JIS News

Children’s Advocate, Mary Clarke, has lauded the decision of the Broadcasting Commission to rid the public airwaves of all content, which promote the act of ‘daggering’.
She has asked for the ban to be extended to include all songs, which endorse violence, indecency, profanity and explicit sexual activity. “These songs are in no way uplifting or empowering, but subtly encourage aggression and violence instead of love and healthy relationships,” Mrs. Clarke stated in an interview with JIS News.
The Children’s Advocate said she was pleased to hear of pending legislation to “give teeth to the decision” and expects that there would be appropriate sanctions for non-compliance.
“We hope that all citizens, especially children, will be vigilant and will not hesitate to report breeches. We also trust that those with responsibility for the airwaves, members of the entertainment fraternity, as well as those in the transportation sector, will recognise their social and ethical responsibility and comply,” she added.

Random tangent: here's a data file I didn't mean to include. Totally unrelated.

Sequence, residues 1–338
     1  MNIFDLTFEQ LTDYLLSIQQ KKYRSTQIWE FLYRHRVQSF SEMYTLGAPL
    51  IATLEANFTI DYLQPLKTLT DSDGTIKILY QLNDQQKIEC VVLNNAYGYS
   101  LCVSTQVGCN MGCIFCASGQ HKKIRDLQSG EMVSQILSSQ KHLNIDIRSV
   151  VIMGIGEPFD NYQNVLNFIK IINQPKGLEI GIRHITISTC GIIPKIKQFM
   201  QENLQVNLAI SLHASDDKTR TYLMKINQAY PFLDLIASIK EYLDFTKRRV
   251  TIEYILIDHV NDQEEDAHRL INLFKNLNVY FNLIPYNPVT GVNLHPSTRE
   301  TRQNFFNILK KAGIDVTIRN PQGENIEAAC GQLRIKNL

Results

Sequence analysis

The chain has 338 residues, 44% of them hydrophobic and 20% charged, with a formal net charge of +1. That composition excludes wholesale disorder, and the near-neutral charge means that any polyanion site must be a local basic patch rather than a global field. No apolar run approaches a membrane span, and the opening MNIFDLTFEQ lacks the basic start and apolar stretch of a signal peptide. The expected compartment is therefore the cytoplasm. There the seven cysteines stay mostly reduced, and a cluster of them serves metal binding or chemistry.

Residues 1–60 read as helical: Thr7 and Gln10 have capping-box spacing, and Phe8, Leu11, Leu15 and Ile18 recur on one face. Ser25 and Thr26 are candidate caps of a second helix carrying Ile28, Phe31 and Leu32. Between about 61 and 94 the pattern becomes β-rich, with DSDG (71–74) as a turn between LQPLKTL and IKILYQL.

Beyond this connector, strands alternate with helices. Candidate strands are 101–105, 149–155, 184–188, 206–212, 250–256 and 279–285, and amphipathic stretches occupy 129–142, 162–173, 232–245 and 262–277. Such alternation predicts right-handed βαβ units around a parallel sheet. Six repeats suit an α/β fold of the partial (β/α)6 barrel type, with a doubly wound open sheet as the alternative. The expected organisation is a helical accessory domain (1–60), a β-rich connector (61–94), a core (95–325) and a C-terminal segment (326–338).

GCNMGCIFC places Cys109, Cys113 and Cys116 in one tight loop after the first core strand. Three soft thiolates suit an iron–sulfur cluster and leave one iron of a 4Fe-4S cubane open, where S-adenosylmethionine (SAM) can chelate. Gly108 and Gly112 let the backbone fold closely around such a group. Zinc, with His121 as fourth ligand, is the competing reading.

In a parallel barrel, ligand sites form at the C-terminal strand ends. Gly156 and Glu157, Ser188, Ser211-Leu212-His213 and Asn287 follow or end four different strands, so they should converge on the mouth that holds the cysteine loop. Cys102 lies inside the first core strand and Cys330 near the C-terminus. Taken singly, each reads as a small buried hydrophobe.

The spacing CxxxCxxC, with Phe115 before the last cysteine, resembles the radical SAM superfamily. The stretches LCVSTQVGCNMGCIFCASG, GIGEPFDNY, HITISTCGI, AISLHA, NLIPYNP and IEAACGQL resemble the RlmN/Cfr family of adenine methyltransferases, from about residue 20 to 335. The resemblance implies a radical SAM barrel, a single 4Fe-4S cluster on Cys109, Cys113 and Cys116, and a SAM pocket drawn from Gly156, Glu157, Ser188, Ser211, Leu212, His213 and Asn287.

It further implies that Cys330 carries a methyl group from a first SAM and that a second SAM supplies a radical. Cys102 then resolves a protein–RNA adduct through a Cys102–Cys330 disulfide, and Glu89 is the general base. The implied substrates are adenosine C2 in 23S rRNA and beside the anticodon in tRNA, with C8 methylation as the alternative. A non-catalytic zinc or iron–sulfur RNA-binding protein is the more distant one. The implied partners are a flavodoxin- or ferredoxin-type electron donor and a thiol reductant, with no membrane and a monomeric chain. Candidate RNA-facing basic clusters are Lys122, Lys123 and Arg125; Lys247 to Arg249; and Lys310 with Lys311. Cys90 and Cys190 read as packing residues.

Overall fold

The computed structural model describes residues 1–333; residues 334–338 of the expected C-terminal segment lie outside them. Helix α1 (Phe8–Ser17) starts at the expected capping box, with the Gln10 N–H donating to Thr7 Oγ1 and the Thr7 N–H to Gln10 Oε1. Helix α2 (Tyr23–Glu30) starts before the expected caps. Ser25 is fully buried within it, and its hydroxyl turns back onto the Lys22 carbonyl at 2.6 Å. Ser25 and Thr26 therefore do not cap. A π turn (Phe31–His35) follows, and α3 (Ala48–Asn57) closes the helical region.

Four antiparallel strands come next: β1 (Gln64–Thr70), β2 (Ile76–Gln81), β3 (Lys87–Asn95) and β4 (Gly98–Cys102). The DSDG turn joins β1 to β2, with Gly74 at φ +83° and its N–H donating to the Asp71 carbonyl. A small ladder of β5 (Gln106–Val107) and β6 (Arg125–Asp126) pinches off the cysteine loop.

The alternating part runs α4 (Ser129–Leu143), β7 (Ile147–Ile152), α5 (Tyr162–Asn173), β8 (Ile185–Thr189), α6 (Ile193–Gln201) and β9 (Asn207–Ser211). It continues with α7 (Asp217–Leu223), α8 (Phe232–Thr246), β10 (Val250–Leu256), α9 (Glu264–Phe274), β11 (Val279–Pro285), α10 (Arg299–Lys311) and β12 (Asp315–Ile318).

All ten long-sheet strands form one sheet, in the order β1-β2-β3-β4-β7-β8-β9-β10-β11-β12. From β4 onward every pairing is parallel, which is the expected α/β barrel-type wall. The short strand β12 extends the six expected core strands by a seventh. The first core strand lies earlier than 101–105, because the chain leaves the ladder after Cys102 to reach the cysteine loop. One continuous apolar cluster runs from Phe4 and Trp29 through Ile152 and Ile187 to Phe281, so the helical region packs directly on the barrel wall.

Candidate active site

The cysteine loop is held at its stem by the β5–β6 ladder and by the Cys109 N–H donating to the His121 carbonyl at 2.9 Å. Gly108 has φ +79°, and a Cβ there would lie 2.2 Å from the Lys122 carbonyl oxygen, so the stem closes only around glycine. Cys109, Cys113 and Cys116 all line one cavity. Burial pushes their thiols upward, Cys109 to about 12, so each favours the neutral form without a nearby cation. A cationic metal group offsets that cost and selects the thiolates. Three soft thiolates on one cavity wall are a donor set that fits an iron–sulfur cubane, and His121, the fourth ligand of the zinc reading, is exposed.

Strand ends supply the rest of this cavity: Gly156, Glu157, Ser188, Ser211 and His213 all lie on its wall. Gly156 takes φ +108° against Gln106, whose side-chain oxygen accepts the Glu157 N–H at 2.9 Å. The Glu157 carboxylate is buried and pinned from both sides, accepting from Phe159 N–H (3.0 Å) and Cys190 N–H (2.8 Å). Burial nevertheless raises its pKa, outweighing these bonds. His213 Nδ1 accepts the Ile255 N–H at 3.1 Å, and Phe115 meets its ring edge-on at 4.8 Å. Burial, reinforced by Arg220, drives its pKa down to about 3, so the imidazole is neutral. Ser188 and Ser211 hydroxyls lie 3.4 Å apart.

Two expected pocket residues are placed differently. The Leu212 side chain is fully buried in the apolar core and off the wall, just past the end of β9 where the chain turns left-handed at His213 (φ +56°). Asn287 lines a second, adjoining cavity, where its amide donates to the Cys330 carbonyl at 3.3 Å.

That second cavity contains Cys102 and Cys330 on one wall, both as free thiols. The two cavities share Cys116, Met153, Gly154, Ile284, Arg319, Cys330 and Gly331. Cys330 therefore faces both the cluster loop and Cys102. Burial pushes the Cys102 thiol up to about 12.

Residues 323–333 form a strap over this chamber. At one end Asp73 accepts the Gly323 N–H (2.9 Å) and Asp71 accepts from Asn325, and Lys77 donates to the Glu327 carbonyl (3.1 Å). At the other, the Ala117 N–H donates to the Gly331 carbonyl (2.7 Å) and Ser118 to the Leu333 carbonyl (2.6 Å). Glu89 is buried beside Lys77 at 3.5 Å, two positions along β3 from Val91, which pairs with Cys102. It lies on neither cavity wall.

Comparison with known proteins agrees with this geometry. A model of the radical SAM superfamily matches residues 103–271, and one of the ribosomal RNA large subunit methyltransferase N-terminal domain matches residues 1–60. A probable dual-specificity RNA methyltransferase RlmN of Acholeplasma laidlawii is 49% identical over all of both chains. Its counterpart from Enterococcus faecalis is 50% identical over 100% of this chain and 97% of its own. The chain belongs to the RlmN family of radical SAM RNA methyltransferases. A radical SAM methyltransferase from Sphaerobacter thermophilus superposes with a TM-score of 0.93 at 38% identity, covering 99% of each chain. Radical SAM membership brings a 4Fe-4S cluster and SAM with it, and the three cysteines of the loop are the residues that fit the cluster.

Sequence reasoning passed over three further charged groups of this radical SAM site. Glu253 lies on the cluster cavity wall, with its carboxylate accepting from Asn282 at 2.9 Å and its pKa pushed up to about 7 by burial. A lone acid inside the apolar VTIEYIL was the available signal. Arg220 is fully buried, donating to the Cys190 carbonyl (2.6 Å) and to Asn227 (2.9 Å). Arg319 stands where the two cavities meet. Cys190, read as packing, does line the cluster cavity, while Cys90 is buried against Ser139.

The Broadcasting Commission yesterday (Feb. 9) announced a ban on all recordings, live songs and music videos, which promote the act of ‘daggering’ makes reference to, or is otherwise suggestive of ‘daggering’, from being aired on radio, television and cable stations.
Daggering, as defined by the Commission, is a colloquial term or phrase used in dancehall culture as a reference to hardcore sex, or the activities of persons engaged in the public simulation of various sexual acts and positions.
Mrs. Clarke has called on all well-meaning Jamaicans to support the ban and help to keep the airwaves clean.
“While the move by the Broadcasting Commission, as the regulator for cable, television and radio transmissions is to be commended, everyone has a responsibility and as such, we are renewing our appeal to well-thinking Jamaicans, especially parents, not to allow their children to listen to these songs,” she stressed.
Jamaica’s children have long been exposed to loud, lewd music in their communities and in the buses they take to school. In her Child Month message last year, Mrs. Clarke called for a more regulated transportation system, “free from the lewd music that has become the norm in many privately-operated buses”.
This call was based partly on a series of consultations with students all over the island, in which they expressed their concerns, including the need for a transportation system, in which children were not exposed to loud and lewd music.

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